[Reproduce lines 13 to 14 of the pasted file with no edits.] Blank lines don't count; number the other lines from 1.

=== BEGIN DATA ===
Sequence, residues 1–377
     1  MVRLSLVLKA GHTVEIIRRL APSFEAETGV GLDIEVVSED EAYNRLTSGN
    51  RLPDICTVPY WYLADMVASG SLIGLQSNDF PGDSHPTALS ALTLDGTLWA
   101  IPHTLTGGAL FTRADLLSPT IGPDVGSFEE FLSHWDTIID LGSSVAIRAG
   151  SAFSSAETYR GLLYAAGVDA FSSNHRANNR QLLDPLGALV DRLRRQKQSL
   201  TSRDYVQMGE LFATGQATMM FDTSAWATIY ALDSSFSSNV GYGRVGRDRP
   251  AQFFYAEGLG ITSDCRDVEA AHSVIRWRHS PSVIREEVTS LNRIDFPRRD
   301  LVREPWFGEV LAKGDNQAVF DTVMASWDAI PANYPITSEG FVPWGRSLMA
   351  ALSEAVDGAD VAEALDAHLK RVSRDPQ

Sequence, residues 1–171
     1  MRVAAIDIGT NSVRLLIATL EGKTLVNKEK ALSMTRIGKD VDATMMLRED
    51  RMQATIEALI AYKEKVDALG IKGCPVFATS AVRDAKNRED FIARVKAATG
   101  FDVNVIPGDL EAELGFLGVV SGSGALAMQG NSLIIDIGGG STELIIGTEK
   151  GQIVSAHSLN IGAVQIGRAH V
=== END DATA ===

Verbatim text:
   101  FDVNVIPGDL EAELGFLGVV SGSGALAMQG NSLIIDIGGG STELIIGTEK
   151  GQIVSAHSLN IGAVQIGRAH V